The Power of Thank You

Despite me extolling the virtues of face-to-face, there are occasions when the power of a social network proves to be invaluable.  And on no fewer than five occasions over the past two weeks, social media has helped me re-connect with former students of mine in such a powerful way.  Sometimes, it really helps a teacher to know that the message has finally gotten through. A former student of mine contacted me a while ago to tell me that he was working at a brand agency where he was heading up “all the online research” for a really big client. He told me “during an internal meeting the other week, we were discussing ways of segmenting the information and then reporting back on it etc. So after a few ideas I suggested a bit of content analysis – which to my AMAZEMENT no one had ever heard of before. So the more I explained the more they liked, and by the time I’d finished they thought I was a genius! Thanks for the invaluable knowledge!”

Then a Masters Graduate of mine tweeted that “Quoted James Grunig in a meeting today. @CSweetPR will be proud.”- and I was- especially as he is social media community manager for Microsoft in the UK!

That sort of feedback is just…rocket fuel to a teacher.  And then one of my first students got in touch five years after she graduated to say “I received an industry award today and wanted to send you a personal note of thanks for the support, mentoring and teaching you gave to me on my course at Solent.”   Yeah…that kind of made my day, too.

I keep a watchful eye on my graduates through LinkedIn. Sometimes the students are fabulously clever and I know that they will do wonderful things even if I’d never met them. Other times, students who have doubts about their own abilities need a little TLC and patient support to realise they’re brilliant, too. So, this week I had two good pieces of news via LinkedIn and e mail.  One said, “I was just thinking about you the other day when asked which women have inspired me in the past. I just want to say thank you, because without you I would not have been able to graduate. When I was having a very difficult time, you were there to help me through it, and be able to finish my studies….Just wanted to say thank you.”  She’s a commuications specialist now with a major financial services firm.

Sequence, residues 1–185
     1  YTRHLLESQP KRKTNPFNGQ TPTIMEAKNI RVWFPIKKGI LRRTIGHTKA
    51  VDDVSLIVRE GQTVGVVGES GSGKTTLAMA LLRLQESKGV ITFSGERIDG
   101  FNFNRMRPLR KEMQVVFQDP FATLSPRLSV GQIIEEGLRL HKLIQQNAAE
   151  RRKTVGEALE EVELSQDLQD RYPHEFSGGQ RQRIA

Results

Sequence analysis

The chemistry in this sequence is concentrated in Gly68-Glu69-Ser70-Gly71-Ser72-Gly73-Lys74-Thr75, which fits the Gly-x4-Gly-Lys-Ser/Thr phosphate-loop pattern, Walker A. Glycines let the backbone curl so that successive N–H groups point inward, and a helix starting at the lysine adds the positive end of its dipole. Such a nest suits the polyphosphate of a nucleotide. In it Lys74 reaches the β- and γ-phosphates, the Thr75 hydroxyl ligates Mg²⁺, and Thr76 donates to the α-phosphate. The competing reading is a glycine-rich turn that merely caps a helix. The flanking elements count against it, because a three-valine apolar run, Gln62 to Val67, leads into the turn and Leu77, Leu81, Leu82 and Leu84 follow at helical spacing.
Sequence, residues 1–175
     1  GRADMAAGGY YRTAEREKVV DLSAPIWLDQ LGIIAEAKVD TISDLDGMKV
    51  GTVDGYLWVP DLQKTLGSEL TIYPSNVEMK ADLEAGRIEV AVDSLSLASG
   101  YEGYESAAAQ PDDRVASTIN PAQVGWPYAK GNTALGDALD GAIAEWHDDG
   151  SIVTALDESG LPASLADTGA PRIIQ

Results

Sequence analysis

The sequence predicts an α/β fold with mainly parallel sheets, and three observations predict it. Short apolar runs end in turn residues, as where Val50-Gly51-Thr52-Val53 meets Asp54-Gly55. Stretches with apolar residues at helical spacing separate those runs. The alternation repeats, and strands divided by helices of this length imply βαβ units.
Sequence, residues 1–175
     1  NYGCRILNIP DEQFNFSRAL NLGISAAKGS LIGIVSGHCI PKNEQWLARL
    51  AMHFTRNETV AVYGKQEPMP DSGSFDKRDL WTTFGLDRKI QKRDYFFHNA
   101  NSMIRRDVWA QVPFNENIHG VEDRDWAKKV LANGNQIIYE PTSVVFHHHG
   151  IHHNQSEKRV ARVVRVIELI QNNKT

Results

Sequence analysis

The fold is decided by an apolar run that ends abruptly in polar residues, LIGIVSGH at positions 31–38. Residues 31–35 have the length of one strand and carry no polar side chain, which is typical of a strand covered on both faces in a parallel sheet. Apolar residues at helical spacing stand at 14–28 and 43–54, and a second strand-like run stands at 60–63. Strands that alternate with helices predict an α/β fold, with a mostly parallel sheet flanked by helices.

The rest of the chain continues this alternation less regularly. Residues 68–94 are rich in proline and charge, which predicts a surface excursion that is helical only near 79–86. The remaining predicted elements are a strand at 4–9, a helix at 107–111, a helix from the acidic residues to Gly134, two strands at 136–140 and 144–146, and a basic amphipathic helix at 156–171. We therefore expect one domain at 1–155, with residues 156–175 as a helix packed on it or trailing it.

And then when I opened my home e mail, what did I find but an email headlined “Good News!” from a graduate that I had seen a few months before. He’d been frustrated with not finding the right PR job, several years after graduating. He wanted to do social media work, but was finding it hard to break into it. After some practical career advice over a coffee when he was briefly in the UK, two months later I got the message that he had just landed a six month internship “as a Community Manager/Social Media Manager with Publicis K1” in Paris. RESULT!

Students who take the time to say thank you- well, you know who you are. And this is a big THANK YOU back at you.i_thank_you1

Why Joining up the dots is not the best way to do PR

ConnectTheDotsRichard Bailey’s latest blog post did what it was supposed to do- make me think. Unusually, it also made me disagree with him. He suggested that PR is similar to learning a new language. You go through a process of babbling, learning words, figuring out how they work together and then, eventually, you become fluent.  A bit of me went along with this, because that’s how we are taught PR, and how as a PR practitioner-turned-academic, it’s how I have seen people teach PR.

But, then I started to think about it some more. And the idea of joining up dots, or putting pieces together in sequential order? Well, the rebel in me started disagreeing.

I think that the thing which is missing from most young PR people is confidence in their own ability to see the big picture. And as long as we are using cliche analogies, for me what makes the difference between an apprentice learning the language or putting the dots together, and someone who is REALLY good at PR, is whether they have the confidence to challenge the traditional approach. It’s about thinking outside the box.